Back again in Tier One, Stonescar Jito is the more all in version of Queen. With a solid matchup against all the aggressive decks save perhaps Rakano, Jito can all in without fear in the absence of Lightning Storm. A very draw dependant deck so your mileage may vary, but your top choice if you want to ignore what your opponent is playing and just press A.
Our final Tier One deck is… a slow deck? Big Combrei attacks the metagame from a very different angle from the previous two decks. You need to actually survive the early game, but you have the tools to do so and one of the best late games of any deck. Any control decks that tuned their curves low to deal with aggro are not happy to see Big Combrei. Popularized in part by Invitational Champion iReedMinds’ streams and posts, Big Combrei is a good example of a way to play the metagame differently.
Tier Two Decks
Rakano in Tier Two? Crazy, but true. Rakano is experiencing what I often refer to as the Feln Conundrum, where it needs to tech itself to beat different common decks but can’t hit all of them at once. Armory demands Finest Hour and Soulfire Drake, Jito and Burn demand lifesteal and careful sequencing, Feln wants more Aegis/Protect and Big Combrei asks for the fastest clock you can mount. Rakano is running into walls right now rather than squeezing into gaps, and the free wins just aren’t there. Still a very popular ladder deck (as always) but not one I’d recommend.
Speaking of the Feln Conunrum, the deck itself makes an appearance. Feln, if built correctly, is really really good at holding down the aggressive tokens decks but loses a ton of ground against control. Without the late game haymakers, you rely on Witch/Harbinger to carry you against midrange, and have no real gameplan for any true control deck or Big Combrei – you just get outvalued. If you go up the curve to hard Feln Control (think Vara/Gift/Last Word), you lose ground against aggro. It’s a difficult balance to find. Personally, I’ve favored locking up the Jito/Burn matchup and switching to something else if you’re facing a lot of higher curve decks, but you have plenty of tech choices at your disposal. Regardless, Feln has trouble with Relics.
Aggro Combrei is bouncing back! The token decks don’t like seeing a flood of medium sized units, and they’re big enough to be tough to burn away. The control decks are not ready for Aegis in general and really don’t want to see Stand Together. Aggro Combrei is picking up steam by exploiting holes in the metagame. Whether or not it remains a solid choice in coming weeks depends on if players fill in the gaps and prepare for it.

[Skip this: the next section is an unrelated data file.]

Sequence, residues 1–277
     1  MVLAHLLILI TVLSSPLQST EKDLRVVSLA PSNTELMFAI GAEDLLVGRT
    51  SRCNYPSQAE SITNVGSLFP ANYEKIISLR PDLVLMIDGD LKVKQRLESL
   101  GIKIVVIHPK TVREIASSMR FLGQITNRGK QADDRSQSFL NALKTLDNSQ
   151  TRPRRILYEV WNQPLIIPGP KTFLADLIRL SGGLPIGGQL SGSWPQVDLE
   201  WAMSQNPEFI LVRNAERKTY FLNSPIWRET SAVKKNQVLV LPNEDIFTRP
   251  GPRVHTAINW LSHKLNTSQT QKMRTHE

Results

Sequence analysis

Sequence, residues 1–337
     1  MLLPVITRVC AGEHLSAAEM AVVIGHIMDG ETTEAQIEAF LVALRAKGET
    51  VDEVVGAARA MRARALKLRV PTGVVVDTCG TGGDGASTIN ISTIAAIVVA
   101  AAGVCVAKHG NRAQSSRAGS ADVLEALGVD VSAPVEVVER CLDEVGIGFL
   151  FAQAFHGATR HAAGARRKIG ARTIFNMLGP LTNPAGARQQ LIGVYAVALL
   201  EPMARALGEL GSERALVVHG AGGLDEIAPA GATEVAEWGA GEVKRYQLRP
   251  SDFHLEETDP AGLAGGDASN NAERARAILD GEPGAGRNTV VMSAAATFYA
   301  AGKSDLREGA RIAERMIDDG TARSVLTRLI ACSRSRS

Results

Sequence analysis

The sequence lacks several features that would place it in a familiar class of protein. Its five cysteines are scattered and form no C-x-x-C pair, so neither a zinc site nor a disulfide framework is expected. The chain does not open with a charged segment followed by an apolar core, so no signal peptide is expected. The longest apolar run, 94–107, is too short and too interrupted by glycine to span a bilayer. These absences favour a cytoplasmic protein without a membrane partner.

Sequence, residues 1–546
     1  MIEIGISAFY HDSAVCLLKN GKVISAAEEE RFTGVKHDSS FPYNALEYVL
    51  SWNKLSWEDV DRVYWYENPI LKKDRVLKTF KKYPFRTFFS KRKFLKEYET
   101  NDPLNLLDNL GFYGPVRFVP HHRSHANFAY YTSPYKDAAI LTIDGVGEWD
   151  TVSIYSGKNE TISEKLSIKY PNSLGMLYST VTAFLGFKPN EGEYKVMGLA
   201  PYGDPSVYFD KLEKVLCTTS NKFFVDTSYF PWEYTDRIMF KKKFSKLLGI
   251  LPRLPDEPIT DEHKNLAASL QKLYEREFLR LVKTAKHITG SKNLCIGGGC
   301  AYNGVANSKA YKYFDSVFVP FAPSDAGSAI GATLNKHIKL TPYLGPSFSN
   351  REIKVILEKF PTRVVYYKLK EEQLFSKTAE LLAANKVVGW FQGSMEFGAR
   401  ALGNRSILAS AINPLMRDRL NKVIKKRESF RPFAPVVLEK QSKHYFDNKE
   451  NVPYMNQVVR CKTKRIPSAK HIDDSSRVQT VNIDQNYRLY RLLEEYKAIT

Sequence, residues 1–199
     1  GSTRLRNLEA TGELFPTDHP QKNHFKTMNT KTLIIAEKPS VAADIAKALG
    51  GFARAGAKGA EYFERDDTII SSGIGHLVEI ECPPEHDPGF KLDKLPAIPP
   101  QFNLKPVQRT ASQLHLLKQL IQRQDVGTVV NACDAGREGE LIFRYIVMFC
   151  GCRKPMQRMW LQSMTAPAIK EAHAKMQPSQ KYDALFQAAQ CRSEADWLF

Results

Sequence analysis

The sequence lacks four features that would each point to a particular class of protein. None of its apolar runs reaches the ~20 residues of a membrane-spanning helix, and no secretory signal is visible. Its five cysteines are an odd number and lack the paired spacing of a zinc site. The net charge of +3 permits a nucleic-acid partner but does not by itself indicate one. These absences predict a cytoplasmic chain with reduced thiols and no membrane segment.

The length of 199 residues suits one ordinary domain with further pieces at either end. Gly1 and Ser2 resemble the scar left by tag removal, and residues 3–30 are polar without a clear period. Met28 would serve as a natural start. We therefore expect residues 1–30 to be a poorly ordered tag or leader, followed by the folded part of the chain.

Boosted by a reddit primer, Armory gains some ground this week, but not too much. Jito is still a horrible matchup, as is Big Combrei. However, you chop down Rakano and the greedy control decks, so it depends on what metagame pockets you hit. From my perspective, I’m just happy someone finally agrees with me about the control misconception (just don’t tell Neon about it).
Felnscar continues to slide – decks are so aggressive that you don’t really care about the cudgels you get from Maiden, and getting a turn four Maiden removed is tempo loss you generally can’t afford. The third color really does hurt your mana base, and the makeup of the metagame isn’t what Felnscar was built to beat. Players will likely shift into more aggressive versions in days to come.
TJP Shimmerpack is now the more successful version of Shimmerpack, mostly on the back of its non-Shimmerpack cards. 8 cost is a lot for a card that only wins you the game if you have a big enough board, and often relies on setting up an Obelisk. With so much mass removal prepared for the go wide aggressive decks, Shimmerpack decks struggle to retain a board.
Tier Three Decks
Shimmerpack continues it tumble down the tier list, both in success and popularity. Without Obelisk, the deck is just a bunch of x/1s and Sandstorm Titan. Decks can beat a lone Sandstrom Titan, so Shimmerpack decks often find themselves overwhelmed before they can play what good cards they do have. 8 power plus a board is a lot to ask in the current metagame.
Our newest metagame deck gets its life from Rank 36 Master player Rivulets (I believe) who wrote a Reddit Primer about this cool sleeper deck. The decklist presented in the article is probably not quite optimized, but the deck has a fair amount of play to it – Sand Warrior + turn 3 play is a good aggressive start, and Obelisk pushes medicore units far. It doesn’t stack up well against board stalls or clears, but has room to grow in the coming weeks.
Stonescar Midrange basically falls down in one key area: Plague sucks. Against token decks it can be okay, but it doesn’t hit two health units like Lurking Sanguar. Against Obelisk it’s embarassing. Against any non-token deck it’s not a card. With so many decks going wide, Stonescar Midrange has no answer other than play a weak counter card that doesn’t always do the job.
Tier Four Decks
No decks are Tier Four this week.
Newly Unranked Decks
Xenan decks got experimented with a bit, but Dawnwalker is not good against aggressive decks and many of the control decks are packing silence and/or Steward of the Past. It’s not looking like a Xenan friendly metagame out there.
Dawnwalker: not good. False Prince: rarely works. Cirso: Several turns too slow. Permafrost: not optimal. While Lightning Storm is good, you need more than one or two good cards to draw you to a deck like this. Elysian is solidly out of metagame at the moment.